Judge Gordon Sullivan would rather have a case of pinot noir.
He'll be everything she likes but himself.
A genre picture is a lot like a stew. The idea with both is that you take a bunch of familiar, maybe even pedestrian ingredients, and by combining them make them greater than the sum of their parts. The best stews, like the best genre pictures, transcend their ingredients—even if you don't like onions, they can be the perfect addition to a well-made stew. Similarly, even if you hate the setup of romantic comedies, it's hard not to be charmed by When Harry Met Sally. The problem comes when all the ingredients don't quite mix (whether we're talking about stews or genre pictures). Then even the strength of individual components can't make up for the fact that the sum is less than its parts. A Case of You is the perfect example of this phenomenon. Though the individual parts (like the cast) are compelling, they never add up to much in the end.
Sam (Justin Long, Live Free or Die Hard) is a writer looking around for his next book. While that's happening, he's also obsessing over a barista at his local coffee joint (Evan Rachel Wood, The Wrestler). He decides to kill two birds with one stone, stalking her online until he knows what she likes, and then he woos her with that information. So now he does ballroom dancing and plays the guitar, but it's not the real him. When she admits to falling for him, Sam is placed in the awkward position of having something to write about but having to let her down.
A Case of You is a romantic comedy, and as such we have to expect certain things from it. There will be a couple, there will be a misunderstanding, true love will be revealed, and despite obstacles, the couple will get together. There will even be other quirky characters along the way. A Case of You does a little too much with the latter, and not enough with the former. The overall plot is rote boy-meets-girl stuff, with the angle of Sam looking for material. That's the "hook" that A Case of You hangs its misunderstandings on. It's not a horrible hook as far as it goes, but despite the numerous opportunities, the film has to do something new with the material, it doesn't. On the flip side, A Case of You over-invests in packing the film with "quirky" characters. Individually, they're amusing; I especially love Peter Dinklage's weird creation as Birdie's co-worker. However, as a parade they detract from the focus on Sam and Birdie, which is both tiresome and shows just how empty the central "romance" is.
The one thing you can't take away from A Case of You is the cast. Though Long has been playing this kind of hapless, half-smarmy character for a while, everyone else feels surprisingly fresh. Evan Rachel Wood is charming as Birdie, and it's not hard to see why. We also get a fun appearance by Sam Rockwell as Sam's guitar teacher, and everyone from Brendan Frasier to Sienna Miller shows up to fill out the cast. Sam's editor is even played by Vince Vaughn. Peter Dinklage also once again proves he's one of the most talented actors working as he plays Birdie's co-worker. I'd have rather seen a film just about him. I don't know what Long and director Kat Coiro had on these actors to get them to appear, but it elevates the movie.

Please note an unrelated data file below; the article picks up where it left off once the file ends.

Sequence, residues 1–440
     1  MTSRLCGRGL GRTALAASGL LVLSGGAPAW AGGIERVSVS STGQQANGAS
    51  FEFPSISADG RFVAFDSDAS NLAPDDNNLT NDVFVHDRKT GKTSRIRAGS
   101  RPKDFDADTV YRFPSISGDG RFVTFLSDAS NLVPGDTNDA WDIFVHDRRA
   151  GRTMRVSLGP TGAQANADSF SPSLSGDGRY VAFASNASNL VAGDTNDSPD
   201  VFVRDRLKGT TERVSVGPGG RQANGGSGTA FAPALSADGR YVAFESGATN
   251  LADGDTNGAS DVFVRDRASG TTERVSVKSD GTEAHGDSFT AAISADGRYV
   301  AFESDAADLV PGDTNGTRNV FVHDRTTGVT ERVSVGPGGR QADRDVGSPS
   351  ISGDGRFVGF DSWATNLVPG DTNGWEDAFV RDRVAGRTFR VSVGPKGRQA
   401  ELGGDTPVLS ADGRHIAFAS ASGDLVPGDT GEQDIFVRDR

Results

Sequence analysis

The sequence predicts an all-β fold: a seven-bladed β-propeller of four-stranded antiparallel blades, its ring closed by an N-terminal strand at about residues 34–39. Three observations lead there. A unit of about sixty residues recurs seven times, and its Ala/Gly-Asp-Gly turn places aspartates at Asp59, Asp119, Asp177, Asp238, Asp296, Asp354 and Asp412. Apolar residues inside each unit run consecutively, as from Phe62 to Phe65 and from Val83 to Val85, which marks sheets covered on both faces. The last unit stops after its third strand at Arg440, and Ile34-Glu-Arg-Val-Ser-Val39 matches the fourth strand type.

The film is also not terrible. I think, given the cast, that it could have and should have been better. However, what's here is executed with energy and skill. That means those who want just another romantic comedy to watch can appreciate the expected twists and turns in the Sam and Birdie story. Fans of the actors will get to see their favorites take on quirky roles. There is some pleasure to be had, therefore, even if it's not as much as the talent involved would suggest.
A Case of You (Blu-ray) is also pretty strong. The 2.40:1/1080p AVC-encoded transfer is full of rich detail. There are a lot of bright scenes that showcases nice textures, and the interior scenes of Sam and Birdie's hobbies are similarly impressive. Colors are well-saturated, and black levels stay consistent and deep. No significant digital artefacts crop up. Similarly, the DTS-HD 5.1 audio track keeps dialogue clean and clear. The surround don't get a lot of use, but there is some directionality to establish atmosphere.
The set's extras include a set of interviews with the usual suspects. They're informative and light, complimenting the movie perfectly. The film's trailer is also available. Given the homegrown nature of the script (written by Long, his brother Christian, and co-star Keir O'Donnell), a commentary would have been nice.
A Case of You is one of those films that sets itself a modest goal and achieves it. If you're looking for a simple rom-com with a lot of great actors, then this will probably fit the bill. If you want something particularly clever or original from your romantic comedies, this probably isn't the film for you. In either case, the decent A Case of You (Blu-ray) that's worth a rental to the interested.
Generic, but not guilty.
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